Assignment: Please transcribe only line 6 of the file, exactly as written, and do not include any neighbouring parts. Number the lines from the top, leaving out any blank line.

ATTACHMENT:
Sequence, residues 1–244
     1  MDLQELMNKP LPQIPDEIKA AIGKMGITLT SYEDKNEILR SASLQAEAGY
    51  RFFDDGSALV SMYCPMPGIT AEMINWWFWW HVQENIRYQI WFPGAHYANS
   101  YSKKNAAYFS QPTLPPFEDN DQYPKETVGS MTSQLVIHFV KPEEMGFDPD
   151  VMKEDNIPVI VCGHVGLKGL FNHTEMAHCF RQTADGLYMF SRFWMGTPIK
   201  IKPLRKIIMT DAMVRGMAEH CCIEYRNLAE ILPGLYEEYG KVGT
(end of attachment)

   201  IKPLRKIIMT DAMVRGMAEH CCIEYRNLAE ILPGLYEEYG KVGT